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STANDING COMMITTEE ON LEGAL AND CONSTITUTIONAL AFFAIRS
29/03/2007
Migration Amendment (Maritime Crew) Visa Bill 2007
STANDING COMMITTEE ON LEGAL AND CONSTITUTIONAL AFFAIRS
Senate committee
Thursday, 29 March 2007
Migration Amendment (Maritime Crew) Visa Bill 2007
Final

CHAIR (Senator Barnett) —Good afternoon. This is a hearing of the Senate Standing Committee on Legal and Constitutional Affairs inquiry into the provisions of the Migration Amendment (Maritime Crew) Bill 2007. The inquiry was referred to the committee by the Senate on 1 March 2007, for report by 20 April 2007. The bill amends the Migration Act 1958 to create a new class of temporary visa, the maritime crew visa. The maritime crew visa will replace special purpose and other visas which are currently granted by the operation of law to foreign crew of non-military ships, foreign crew of ships being imported into Australia, foreign supernumerary crew and the spouses and dependent children accompanying those crew.

The committee has received six admissions for this inquiry. All submissions have been authorised for publication and are available on the committee’s website. I remind all witnesses that in giving evidence to the committee they are protected by parliamentary privilege. It is unlawful for anyone to threaten or disadvantage a witness on account of evidence given to a committee, and such action may be treated by the Senate as a contempt. It is also a contempt to give false or misleading evidence to a committee.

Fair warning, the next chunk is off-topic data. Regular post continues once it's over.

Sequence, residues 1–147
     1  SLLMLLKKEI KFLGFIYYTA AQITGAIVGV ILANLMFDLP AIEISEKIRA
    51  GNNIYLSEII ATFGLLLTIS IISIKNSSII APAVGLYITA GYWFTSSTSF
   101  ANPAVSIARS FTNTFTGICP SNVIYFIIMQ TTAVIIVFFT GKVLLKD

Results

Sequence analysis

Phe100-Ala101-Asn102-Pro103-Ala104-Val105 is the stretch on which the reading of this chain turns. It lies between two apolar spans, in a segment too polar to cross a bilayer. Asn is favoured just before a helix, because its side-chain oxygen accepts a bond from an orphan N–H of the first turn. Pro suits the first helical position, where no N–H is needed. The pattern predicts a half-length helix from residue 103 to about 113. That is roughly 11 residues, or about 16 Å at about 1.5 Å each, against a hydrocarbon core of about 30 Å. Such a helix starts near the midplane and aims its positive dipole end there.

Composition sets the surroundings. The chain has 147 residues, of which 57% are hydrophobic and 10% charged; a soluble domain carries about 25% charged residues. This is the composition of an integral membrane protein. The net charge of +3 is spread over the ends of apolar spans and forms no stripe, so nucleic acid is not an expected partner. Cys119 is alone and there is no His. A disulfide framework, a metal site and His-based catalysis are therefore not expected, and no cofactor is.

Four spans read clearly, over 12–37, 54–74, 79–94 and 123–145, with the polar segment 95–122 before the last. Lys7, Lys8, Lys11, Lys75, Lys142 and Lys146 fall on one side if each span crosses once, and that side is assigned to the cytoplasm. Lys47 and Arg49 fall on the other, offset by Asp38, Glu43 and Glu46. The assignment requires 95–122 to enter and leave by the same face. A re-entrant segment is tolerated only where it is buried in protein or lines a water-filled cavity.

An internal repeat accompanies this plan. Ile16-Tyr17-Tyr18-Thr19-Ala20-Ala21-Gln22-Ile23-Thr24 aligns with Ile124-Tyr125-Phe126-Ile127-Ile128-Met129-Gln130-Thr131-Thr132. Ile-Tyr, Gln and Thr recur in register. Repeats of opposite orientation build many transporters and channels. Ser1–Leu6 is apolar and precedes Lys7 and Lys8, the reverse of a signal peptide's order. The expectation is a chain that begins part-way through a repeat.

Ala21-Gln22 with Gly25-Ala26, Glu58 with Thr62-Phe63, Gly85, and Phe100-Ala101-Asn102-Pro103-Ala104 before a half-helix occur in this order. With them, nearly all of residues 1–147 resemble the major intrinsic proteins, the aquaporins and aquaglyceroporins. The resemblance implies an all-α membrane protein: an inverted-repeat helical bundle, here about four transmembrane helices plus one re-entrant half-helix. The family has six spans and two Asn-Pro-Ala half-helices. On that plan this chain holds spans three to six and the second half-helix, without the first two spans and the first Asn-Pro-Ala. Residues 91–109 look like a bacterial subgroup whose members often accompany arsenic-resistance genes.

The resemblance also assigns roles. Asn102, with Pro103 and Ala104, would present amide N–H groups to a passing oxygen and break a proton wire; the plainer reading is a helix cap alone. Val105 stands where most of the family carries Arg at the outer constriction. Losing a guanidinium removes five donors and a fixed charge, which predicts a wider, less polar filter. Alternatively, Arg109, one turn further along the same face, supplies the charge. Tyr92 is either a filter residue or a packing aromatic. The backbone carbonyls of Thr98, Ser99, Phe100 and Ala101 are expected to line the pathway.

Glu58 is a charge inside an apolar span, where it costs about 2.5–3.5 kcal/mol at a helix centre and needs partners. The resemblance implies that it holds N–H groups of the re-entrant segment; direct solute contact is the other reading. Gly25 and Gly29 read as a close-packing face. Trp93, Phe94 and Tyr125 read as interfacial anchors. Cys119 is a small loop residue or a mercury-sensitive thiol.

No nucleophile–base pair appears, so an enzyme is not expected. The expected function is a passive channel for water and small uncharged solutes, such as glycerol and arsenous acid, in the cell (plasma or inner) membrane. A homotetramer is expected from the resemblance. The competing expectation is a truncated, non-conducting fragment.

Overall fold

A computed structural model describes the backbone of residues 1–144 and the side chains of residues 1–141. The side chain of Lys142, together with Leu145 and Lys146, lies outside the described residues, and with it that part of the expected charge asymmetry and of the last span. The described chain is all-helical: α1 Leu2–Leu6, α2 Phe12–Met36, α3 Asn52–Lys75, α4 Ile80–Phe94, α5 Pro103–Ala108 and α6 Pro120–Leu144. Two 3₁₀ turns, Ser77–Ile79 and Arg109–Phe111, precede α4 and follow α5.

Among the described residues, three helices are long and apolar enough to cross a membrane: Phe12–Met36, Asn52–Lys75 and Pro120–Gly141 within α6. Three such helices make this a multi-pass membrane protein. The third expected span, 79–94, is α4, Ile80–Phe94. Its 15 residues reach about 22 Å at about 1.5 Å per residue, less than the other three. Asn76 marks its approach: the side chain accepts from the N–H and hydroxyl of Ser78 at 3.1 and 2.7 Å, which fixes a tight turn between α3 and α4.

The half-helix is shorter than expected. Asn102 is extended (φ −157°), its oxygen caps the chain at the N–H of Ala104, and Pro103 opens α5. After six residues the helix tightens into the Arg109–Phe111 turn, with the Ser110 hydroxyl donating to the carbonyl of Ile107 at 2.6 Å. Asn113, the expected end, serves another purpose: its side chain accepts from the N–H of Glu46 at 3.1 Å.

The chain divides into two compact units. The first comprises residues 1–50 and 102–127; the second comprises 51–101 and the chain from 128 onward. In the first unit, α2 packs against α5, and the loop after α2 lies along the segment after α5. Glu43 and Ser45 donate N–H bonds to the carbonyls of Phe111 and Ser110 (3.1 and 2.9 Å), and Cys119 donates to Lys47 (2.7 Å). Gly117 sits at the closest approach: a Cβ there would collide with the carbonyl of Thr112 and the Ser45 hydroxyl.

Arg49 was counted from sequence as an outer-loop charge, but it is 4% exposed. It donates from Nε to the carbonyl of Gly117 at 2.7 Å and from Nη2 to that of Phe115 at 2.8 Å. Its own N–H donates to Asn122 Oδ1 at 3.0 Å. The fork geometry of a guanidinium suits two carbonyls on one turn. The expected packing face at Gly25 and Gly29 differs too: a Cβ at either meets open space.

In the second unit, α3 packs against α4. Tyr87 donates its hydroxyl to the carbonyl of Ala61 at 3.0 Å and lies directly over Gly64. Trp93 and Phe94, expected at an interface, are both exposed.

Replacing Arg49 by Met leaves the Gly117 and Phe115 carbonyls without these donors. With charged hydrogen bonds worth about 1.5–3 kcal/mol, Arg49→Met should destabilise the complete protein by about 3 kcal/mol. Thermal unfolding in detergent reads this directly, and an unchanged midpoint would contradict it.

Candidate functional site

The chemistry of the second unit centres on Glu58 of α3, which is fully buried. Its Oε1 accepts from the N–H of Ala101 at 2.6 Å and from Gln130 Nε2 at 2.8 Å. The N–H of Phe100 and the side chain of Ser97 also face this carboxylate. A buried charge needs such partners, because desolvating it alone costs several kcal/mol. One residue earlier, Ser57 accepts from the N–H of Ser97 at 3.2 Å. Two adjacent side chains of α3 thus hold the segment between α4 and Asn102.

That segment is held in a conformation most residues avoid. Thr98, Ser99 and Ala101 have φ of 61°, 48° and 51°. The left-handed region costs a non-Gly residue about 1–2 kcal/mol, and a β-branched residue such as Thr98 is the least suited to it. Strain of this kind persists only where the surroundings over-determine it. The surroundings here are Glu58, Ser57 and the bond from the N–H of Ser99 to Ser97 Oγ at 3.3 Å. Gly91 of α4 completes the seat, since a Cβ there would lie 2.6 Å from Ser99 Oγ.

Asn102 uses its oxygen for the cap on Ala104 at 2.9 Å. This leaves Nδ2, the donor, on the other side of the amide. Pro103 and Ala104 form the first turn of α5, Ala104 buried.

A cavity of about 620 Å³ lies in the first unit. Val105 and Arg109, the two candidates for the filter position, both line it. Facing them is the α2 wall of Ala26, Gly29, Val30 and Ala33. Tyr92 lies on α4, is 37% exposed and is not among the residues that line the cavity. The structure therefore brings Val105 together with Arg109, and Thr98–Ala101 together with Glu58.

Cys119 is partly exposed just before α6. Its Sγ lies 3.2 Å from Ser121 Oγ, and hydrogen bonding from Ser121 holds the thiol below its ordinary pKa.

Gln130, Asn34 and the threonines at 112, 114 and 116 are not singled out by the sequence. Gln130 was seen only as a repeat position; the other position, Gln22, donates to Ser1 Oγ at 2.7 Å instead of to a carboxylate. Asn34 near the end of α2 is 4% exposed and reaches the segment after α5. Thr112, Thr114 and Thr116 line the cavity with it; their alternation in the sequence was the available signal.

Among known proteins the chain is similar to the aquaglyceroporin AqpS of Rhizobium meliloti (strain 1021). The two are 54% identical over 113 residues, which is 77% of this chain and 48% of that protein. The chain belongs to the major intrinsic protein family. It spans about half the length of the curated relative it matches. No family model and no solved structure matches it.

The committee prefers all evidence to be given in public, but under the Senate’s resolutions witnesses have the right to request to be heard in private session. It is important that witnesses give the committee notice if they intend to ask to give evidence in camera. If a witness objects to answering a question, the witness should state the ground upon which the objection is taken and the committee will determine whether it will insist on an answer, having regard to the ground which is claimed. If the committee determines to insist on an answer, a witness may request that the answer be given in camera. Such a request may of course also be made at any other time.

Just before I welcome officers from the Department of Immigration and Citizenship, I want to place on the public record my thanks to Senator Marise Payne, who has for nine years been the chair of this committee. This is the first committee hearing in which I am chair, and I will endeavour to do my best to fill the very large shoes which she has left. I thank her profusely on behalf of the committee for her efforts and for the professional and courageous manner in which she has chaired this committee over those nine years. I have said that privately and I want to put it on the public record.

[5.37 pm]